An Electoral College revolt is a very bad idea

It’s hard to imagine a quicker path to a civil war than if a legally elected person were denied the presidency.

For sure plenty of people are angry that Donald Trump won the presidency; how could they not be after such a vitriolic campaign?

Many of them are hoping the Electoral College steps in to deny the White House to Trump.

Electors don’t have to cast their vote for the person who won them on Election Day, and one of them — Christopher Suprun of Texas — has written an op-ed in the New York Times explaining why Trump won’t get his.

Mr. Trump lacks the foreign policy experience and demeanor needed to be commander in chief. During the campaign more than 50 Republican former national security officials and foreign policy experts co-signed a letter opposing him. In their words, “he would be a dangerous president.” During the campaign Mr. Trump even said Russia should hack Hillary Clinton’s emails. This encouragement of an illegal act has troubled many members of Congress and troubles me.

Hamilton also reminded us that a president cannot be a demagogue. Mr. Trump urged violence against protesters at his rallies during the campaign. He speaks of retribution against his critics. He has surrounded himself with advisers such as Stephen K. Bannon, who claims to be a Leninist and lauds villains and their thirst for power, including Darth Vader. “Rogue One,” the latest “Star Wars” installment, arrives later this month. I am not taking my children to see it to celebrate evil, but to show them that light can overcome it.

Suprun likely knows there’s no way the Electoral College will invalidate an election, so he has nothing to lose by withholding his vote and getting some attention.

But that’s the same line of thinking that might have helped elect Trump in the first place. Few thought he’d actualy be elected, so why bother voting? Or why not make a protest vote and write in Bernie Sanders? Or why vote at all?

Politico reports that “rogue electors” have briefed the Clinton camp on their own long-shot plan.

Backers of Hamilton Electors are also preparing a wave of lawsuits challenging 29 state laws that purport to bind electors to the results of the statewide popular vote. These laws have never been enforced or tested, and many constitutional scholars believe they conflict with the Founders’ vision of the Electoral College as a deliberative body. Courtroom victories, they hope, will embolden other electors to join their cause.

All 538 members of the Electoral College will meet on Dec. 19 in their respective state capitals to cast the formal vote for president. Trump won the popular vote in states that constitute 306 electors — easily above the 270-vote threshold he needs to become president if all Republican electors support him. That’s why anti-Trump electors are working to persuade at least 37 Republican electors to ditch Trump, the minimum they’d need to prevent his election, and join them in support of a compromise candidate, which could send the final decision to the House of Representatives. Clinton won the popular vote in states that include a total of 232 electors. As of Monday, she led in the popular vote nationwide by more than 2.6 million votes.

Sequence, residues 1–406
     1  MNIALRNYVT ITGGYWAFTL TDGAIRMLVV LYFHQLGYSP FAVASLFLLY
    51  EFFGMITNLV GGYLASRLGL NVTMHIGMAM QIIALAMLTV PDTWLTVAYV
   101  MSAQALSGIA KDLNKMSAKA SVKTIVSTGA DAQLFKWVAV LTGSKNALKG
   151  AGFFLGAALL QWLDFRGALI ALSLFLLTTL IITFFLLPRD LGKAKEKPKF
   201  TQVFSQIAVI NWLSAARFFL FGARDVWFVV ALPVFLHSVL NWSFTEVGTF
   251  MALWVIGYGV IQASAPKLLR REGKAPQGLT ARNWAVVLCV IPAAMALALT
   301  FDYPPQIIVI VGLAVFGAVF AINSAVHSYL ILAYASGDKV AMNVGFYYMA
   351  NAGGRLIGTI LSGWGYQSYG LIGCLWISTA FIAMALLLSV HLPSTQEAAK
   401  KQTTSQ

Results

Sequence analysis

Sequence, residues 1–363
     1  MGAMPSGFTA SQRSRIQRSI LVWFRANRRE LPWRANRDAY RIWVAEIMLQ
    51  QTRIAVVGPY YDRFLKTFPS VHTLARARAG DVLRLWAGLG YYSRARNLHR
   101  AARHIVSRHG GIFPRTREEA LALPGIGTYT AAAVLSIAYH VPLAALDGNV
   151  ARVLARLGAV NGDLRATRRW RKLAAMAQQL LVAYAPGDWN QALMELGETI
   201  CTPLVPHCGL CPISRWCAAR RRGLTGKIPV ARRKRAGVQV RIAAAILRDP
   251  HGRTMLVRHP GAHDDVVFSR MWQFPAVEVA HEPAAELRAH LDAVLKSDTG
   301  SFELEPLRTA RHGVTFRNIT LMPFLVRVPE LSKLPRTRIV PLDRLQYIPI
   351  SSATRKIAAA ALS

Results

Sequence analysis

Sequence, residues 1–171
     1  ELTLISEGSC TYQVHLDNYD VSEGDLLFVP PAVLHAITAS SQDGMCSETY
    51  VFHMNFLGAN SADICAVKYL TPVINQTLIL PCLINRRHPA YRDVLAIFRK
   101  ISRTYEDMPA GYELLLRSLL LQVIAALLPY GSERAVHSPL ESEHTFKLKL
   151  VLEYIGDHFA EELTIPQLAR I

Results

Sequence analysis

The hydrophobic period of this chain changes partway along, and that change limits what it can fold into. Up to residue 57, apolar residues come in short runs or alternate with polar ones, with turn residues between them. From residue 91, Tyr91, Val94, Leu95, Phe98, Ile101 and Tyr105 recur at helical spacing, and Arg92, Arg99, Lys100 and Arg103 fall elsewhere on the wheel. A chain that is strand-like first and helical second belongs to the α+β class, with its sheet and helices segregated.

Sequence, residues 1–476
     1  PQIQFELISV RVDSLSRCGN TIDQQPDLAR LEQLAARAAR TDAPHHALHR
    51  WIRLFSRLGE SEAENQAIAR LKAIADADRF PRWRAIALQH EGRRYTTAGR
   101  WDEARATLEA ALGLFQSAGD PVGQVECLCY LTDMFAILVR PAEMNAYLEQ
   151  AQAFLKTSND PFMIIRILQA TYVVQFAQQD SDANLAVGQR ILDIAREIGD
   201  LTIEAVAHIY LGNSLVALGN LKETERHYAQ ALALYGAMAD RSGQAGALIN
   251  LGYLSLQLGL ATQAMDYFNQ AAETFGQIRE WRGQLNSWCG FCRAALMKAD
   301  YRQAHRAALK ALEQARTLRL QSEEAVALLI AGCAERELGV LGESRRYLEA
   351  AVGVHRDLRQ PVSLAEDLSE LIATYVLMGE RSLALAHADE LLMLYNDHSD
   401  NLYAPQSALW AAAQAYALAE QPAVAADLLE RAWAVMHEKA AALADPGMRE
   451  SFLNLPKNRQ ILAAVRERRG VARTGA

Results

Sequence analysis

Who would get the presidency if the Electoral College denies Trump his election victory? Not Clinton. Politico says the effort is focused on handing the presidency to John Kasich, who may not want it in this scenario.

“There’s no question Trump won enough votes in the states to receive over 270 votes when the members of the Electoral College meet,” said Kasich’s top political adviser, John Weaver, told Politico. “I’m sure the [Electoral College] will affirm this when it gathers later this month.”

This is all a very bad idea, Ed Kilgore writes in New York Magazine.

To be fair, some of the proponents of the deny-Trump-the-presidency scheme have on occasion admitted their fallback plan is to draw attention to how weird and screwed-up the Electoral College system is, in hopes of stimulating a popular backlash leading to a constitutional amendment getting rid of the whole system or perhaps a state-level push to neutralize electors in the future via the National Popular Vote initiative (whereby states agree to instruct electors to cast their ballots for the national popular-vote winner no matter what happens in individual states).

More likely this scheme will have a very different effect: It will validate the claims of Trump and his least responsible supporters that liberal elites are still trying to “rig” an election that has already happened. Roger Stone is already labeling the efforts to stimulate an Electoral College revolt “the dying gasp of the established order.” An impossible plot to overturn an election conducted under long-established if nondemocratic rules, with Democrats (led by a professor from the Vatican of liberal elitism) as the only supporters, is a very bad idea for anyone now focused on ensuring that the Trump phenomenon is a brief if lamentable aberration in American history rather than a sudden lurch down the road to national perdition.